Sunday, June 20, 2010
The Father's Day Timepiece
On Father’s Day, I hold the wristwatch—a stainless steel Bell & Ross—and notice the delayed clicks of the white second hand. My thumb moves in circular motions across the waterproof glass. I’m surprised by its weight.
Erik, my 29-year-old husband, pleaded with me for this expensive watch, but I said, “You know we can’t afford that right now.” We were saving money to buy our first house in over-priced Marin County, California.
“Hyla, he’s going to give it to me for one-third the cost.”
Oh, Erik. “Why do I have to be the one who has to say no?”
Erik put me in charge of our finances after he’d accepted that his impetuous spending habits weren’t helping us save. We were newly pregnant with our second daughter, and moving from one rental house to the next was getting old.
Erik bought the watch anyway. Then he had the nerve to justify his purchase by telling me he’d sold some computer equipment. Why did he need that watch? I wasn’t toting around designer purses. The fight blew over quickly, as most of our disagreements did, and the watch became a playful joke between us.
He liked to spend money. But nobody could deny that Erik was a phenomenal father. Every day, when he came home from work, he’d swing our daughter, Tatiana, into the air and say, “You are the reason for my existence.” During my pregnancies, not an evening passed when Erik didn’t rub almond butter all over my ripe belly. “Sexy curves,” he’d say.
He was an exceptional husband, always helping me with my writing, my photography business, and doing more housework and errands than I ever did. Anyway, isn’t marriage just an exercise in seeing the perfection in each other’s imperfections?
Erik wore that watch when he ran, when he showered, and when he lugged computers around at work.
And, when he was only 29, my beloved Erik was still wearing that watch when Tatiana and I heard him take his last breath.
The funeral passed, then Keira’s birth, and through layers of grief, I sobbed from a place I didn’t know existed.
Eventually Evan came along. Evan—the handsome, Stanford MBA, Ironman athlete—didn’t run out the door when he met Keira and Tatiana for the first time. He didn’t flee. One month after we met, Evan rode his mountain bike up Mt. Tamalpais and asked Erik’s permission to care for me and the girls.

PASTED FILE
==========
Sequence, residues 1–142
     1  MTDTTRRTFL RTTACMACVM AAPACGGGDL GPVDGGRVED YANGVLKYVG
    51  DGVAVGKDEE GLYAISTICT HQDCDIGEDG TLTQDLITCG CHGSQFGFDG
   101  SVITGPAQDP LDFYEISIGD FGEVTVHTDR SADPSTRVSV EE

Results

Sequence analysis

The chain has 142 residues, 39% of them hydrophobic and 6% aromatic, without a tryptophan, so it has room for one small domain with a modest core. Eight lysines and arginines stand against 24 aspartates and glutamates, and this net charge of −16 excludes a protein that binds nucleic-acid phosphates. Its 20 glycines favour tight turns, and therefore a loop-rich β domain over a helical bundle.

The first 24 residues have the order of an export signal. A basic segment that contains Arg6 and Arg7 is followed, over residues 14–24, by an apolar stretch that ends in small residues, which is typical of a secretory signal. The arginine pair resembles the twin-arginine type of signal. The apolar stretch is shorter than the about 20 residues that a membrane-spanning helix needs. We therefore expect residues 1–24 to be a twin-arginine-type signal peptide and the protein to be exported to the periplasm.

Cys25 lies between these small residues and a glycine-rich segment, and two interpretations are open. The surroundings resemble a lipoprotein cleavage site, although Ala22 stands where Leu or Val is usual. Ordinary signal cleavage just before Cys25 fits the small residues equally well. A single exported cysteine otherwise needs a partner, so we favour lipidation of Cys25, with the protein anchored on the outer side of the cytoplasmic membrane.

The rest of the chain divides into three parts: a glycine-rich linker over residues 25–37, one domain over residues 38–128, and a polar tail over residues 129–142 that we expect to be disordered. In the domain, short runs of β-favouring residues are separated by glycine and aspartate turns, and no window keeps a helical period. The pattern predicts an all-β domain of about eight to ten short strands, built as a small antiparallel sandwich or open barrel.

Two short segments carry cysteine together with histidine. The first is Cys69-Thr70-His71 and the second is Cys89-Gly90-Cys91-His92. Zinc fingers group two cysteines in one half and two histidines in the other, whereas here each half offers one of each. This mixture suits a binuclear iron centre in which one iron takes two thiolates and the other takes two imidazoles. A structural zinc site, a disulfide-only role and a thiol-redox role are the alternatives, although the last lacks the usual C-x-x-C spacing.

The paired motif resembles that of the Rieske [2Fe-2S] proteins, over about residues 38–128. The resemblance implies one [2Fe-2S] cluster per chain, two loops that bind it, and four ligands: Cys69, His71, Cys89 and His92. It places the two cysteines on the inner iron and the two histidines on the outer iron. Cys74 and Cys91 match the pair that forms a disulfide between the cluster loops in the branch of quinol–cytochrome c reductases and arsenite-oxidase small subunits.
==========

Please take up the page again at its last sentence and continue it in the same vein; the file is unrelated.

Evan has taken over for Erik, but Evan makes sure we talk about “Daddy Erik” every day. “If I died, I’d be incredibly bummed if you didn’t keep my memory alive,” Evan says.
Through Erik, we remember life in greater detail. We remember the butterflies that flew over our heads as Evan and I exchanged wedding vows, we remember the excitement in the courtroom when Evan legally adopted the girls, and we remember, each day, how blessed we are to now have four magnificent children.
On Father’s Day, I squish my lips against the black face of Erik’s watch, tuck it in to an ivory-lined box, and tape the folded turquoise wrapping paper along the sides.
Erik wants Evan to have his watch.
Closing my eyes, I imagine what Erik would say, and I begin writing a letter from Erik to Evan, which finally reads:
“There are things I would have changed about my 29 years, and I know that you and Hyla will have your own bumps along the road. I also know there will be times that you struggle to navigate the path of raising girls. There is no doubt in my mind that you will do a phenomenal job. That, you have already proven.
What I really want to say is thank you. Thank you for taking over—for wanting to take over. I chose you to take care of my girls, and my wife, because what I saw in you was the ability to be the most nurturing father and loving, supportive husband. You are one stellar man—anyone who knows you will vouch for that.
Evan, what I am about to give you, I am not sure you will even want to wear. It’s cool with me if you choose to leave it in a drawer, to pull out only on the occasion that you feel the desire to look at it, to be reminded that the time is now—the time is always now.
Happy Father’s Day, from one father to another. You deserve the greatest life. Don’t forget to take it. Take life. Breathe it all in.”